Thanks to changes to net neutrality laws in the USA and the imprisonment of a Chinese citizen, VPN’s have been in the news a lot lately. If you’re not entirely sure what the term VPN means, it stands for Virtual Private Network, and according to some experts in the next 5 years, it’s about to become as essential to your cyber security standards as your firewall and anti-virus software.
When you consider how much information we transmit across the internet, in a single day, it’s an insane thought. Consider how much of your personal information you transmit across that same internet, daily, and it’s a scary thought. Enter the VPN.
The humble VPN has a lot of uses. For the home user, it’s valuable because it makes it difficult for anyone to ‘eavesdrop’ on what you’re doing. It prevents your ISP from tracking your browsing habits. It does this by connecting your computer to a private, controlled network, this network then connects you to the internet. The VPN encrypts your connection, and allows you to browse the internet through a small, secure network. As a result, your ISP, and anyone else attempting to watch what you’re doing online, only see an endless log of you connecting to your VPN server. Keeping what you’re doing on the net, private.
A VPN doesn’t just protect your browsing habits from your ISP. It also protects them from marketers. With a VPN pesky targeted advertisements will be a thing of the past, and so will the malicious trackers and malware that often accompanies them if you’re unfortunate enough to click through.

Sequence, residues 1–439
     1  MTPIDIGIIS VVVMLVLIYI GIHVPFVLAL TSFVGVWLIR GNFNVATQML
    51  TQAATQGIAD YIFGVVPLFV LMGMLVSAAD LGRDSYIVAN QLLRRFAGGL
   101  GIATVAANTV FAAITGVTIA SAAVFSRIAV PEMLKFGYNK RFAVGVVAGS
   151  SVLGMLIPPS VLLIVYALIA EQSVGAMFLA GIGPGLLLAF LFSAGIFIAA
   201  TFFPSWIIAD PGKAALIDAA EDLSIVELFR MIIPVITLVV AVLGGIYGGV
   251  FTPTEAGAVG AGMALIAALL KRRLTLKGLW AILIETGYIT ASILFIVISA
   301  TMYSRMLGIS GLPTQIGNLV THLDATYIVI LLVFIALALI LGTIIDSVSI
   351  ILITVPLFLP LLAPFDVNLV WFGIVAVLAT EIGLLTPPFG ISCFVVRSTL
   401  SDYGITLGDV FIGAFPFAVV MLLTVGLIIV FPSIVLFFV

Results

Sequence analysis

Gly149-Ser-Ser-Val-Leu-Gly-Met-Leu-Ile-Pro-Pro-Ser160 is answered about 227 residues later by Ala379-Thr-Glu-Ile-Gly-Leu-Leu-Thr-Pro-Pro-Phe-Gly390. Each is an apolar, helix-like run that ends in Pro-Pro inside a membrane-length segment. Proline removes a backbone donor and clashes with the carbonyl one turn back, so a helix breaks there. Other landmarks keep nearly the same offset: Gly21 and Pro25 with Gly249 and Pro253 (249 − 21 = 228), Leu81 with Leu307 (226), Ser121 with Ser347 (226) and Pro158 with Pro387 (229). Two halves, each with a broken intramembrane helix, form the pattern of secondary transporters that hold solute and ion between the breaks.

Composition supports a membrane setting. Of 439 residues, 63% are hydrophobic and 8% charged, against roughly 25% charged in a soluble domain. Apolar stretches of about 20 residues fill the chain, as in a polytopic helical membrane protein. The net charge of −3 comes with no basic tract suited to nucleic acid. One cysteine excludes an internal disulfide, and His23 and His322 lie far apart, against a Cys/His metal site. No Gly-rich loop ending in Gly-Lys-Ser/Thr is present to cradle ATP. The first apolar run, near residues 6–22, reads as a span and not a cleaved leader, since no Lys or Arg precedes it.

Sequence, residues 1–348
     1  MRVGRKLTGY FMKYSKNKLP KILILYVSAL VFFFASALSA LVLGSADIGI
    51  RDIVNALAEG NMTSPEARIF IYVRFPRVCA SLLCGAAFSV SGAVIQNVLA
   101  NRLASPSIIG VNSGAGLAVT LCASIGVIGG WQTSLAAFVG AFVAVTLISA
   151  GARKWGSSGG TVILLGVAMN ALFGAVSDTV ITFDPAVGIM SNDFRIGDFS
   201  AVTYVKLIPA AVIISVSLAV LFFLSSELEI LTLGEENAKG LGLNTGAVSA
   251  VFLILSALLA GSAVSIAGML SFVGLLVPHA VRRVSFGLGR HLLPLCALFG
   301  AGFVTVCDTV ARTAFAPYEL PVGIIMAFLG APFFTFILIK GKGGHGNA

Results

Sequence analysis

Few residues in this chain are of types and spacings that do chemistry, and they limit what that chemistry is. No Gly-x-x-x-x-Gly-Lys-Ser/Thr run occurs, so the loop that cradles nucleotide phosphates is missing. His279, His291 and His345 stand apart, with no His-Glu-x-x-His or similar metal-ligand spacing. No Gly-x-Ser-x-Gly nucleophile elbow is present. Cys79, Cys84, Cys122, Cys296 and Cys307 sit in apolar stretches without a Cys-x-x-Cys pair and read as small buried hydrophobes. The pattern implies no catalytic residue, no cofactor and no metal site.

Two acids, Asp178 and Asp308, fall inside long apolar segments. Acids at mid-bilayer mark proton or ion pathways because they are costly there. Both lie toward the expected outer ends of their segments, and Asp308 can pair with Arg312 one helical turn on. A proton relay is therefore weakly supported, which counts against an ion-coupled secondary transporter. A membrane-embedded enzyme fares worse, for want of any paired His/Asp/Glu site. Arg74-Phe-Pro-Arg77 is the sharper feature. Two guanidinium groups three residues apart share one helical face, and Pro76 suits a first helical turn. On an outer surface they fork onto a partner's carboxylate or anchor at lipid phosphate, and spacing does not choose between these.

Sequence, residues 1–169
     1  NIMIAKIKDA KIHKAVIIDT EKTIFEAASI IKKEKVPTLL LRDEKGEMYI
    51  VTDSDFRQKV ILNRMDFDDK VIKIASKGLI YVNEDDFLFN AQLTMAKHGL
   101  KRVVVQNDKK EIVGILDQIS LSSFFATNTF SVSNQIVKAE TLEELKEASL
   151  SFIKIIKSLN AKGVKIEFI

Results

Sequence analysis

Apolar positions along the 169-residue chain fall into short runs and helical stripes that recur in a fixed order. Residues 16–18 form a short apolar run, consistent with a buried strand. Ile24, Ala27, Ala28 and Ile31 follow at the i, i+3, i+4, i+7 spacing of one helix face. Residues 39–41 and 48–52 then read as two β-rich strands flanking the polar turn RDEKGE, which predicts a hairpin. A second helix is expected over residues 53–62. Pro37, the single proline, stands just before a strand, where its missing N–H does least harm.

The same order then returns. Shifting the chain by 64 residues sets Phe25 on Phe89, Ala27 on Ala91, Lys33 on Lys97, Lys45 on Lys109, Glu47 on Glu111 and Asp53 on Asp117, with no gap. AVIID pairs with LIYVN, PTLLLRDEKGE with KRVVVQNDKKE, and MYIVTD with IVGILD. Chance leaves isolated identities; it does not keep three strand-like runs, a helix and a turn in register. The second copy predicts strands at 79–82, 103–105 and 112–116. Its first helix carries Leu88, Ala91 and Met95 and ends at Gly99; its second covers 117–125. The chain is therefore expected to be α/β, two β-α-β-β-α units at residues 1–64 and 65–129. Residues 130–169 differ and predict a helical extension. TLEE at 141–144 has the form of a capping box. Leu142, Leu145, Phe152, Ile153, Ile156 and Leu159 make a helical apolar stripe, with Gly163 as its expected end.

But VPN’s have other security benefits, which are making them more and more essential in larger networks too. Security issues like Wi-Fi spoofing are becoming more common. It’s become easy for smaller establishments offering public internet access to fall prone to jacking vulnerabilities and with telecommuting and virtual offices becoming more and more popular, the result is employees working in remote locations from all corners of the globe, often relying on unsecured public networks to connect to company servers remotely. Making it more vital for businesses to keep their activity private and secure.
There are some concerns about just how secure VPN’s really keep our data, and research released last year claimed that many VPN’s for android devices leaked personal data, despite their promises of security. Choosing a VPN, whatever your security needs, shouldn’t be something you take lightly. Consider exactly what you need, make sure you read user reviews, and if you can, get some expert advice. If you’re looking for a business VPN, do your homework and find a VPN that uses OpenVPN security protocols, and provides you with plenty of data capacity.
Businesses need beefier security than home users, and governments need to run the tightest ship of all. Making VPN’s a part of everyday cyber security standards for everyone is the best way to protect against the risks we expose ourselves to whenever we’re online.